State authorities are gradually lifting the quarantine and reopening businesses.
Experts believe that the increase in human contact could trigger a new wave of COVID-19, a respiratory disease caused by an extremely contagious virus that has already killed more than 54,300 Americans.
Colorado, Mississippi, Minnesota, Montana, and Tennessee will join other states that have begun an experiment to restart the economy in the absence of infrastructure for testing and tracking contacts, which experts say is necessary to prevent a new surge in infection.
Georgia, Oklahoma, Alaska, and South Carolina have already taken steps to restart the economy of post-month quarantines imposed by the authorities.
Against the background of scattered protests against restrictions on leaving the house, which took place across the country, the number of detected cases in the United States as of Sunday exceeded 940 thousand.
New York and other states have extended the restrictions until mid-May. New York reported 367 new fatalities, the lowest since March 30. The state’s Democratic Governor, Andrew Cuomo, said that construction and manufacturing plants will be the first to resume operations if precautions are taken and if the incidence continues to decline.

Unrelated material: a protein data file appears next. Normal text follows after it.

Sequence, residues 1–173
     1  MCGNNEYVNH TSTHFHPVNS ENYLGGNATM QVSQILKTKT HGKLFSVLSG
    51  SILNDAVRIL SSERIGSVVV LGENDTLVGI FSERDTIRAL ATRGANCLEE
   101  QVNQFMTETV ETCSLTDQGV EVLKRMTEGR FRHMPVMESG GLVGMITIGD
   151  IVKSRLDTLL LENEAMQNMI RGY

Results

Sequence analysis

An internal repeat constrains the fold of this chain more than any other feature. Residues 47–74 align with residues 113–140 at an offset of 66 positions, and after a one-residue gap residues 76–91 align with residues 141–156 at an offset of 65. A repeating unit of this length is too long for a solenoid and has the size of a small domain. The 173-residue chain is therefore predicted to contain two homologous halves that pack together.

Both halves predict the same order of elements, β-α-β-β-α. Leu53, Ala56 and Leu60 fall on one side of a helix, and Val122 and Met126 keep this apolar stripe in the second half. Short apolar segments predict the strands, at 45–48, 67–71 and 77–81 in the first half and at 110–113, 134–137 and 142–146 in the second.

The other states, mostly with Republican governors, are taking a more aggressive approach.
Authorities in Tennessee announced the reopening of restaurants on Monday. On the same day, the quarantine in Mississippi ends.
Montana, which reported three new cases on Sunday, will allow businesses to resume operations on Monday if they limit capacity and comply with social distance standards.
Meanwhile, Minnesota will allow some companies to resume operations on Monday. This will allow 80-100 thousand people employed in industry, manufacturing, or in-office positions to return to work.
In Colorado, Democratic Governor Jared Polis gave the green light to retail delivery, which will begin on Monday. Hairdressers and tattoo parlors will be able to open on Friday, followed by retail stores, restaurants, and cinemas.
Royal Rose is opening her tattoo studio in Greenlee, Colorado, after a month-long hiatus, not because she wants to, but because of the need to pay mounting bills.
“I would stay at home if the government encouraged it, but they don’t encourage it, they say it’s best to go back to work, even though it can be risky,” says 39 – year-old Rose.
But easing restrictions in most states will not be uniform. For example, Denver extended the quarantine until May 8, but residents can go to a barbershop in a neighboring County.
Georgia has banned municipalities from imposing stricter restrictions than state laws.
Eight States did not impose restrictions on leaving the house: Arkansas, Iowa, Nebraska, North Dakota, Oklahoma, South Dakota, Utah, and Wyoming.
Several polls have shown that Americans, both Republicans, and Democrats, in the majority would like to stay at home to protect themselves from the coronavirus, despite the negative economic consequences.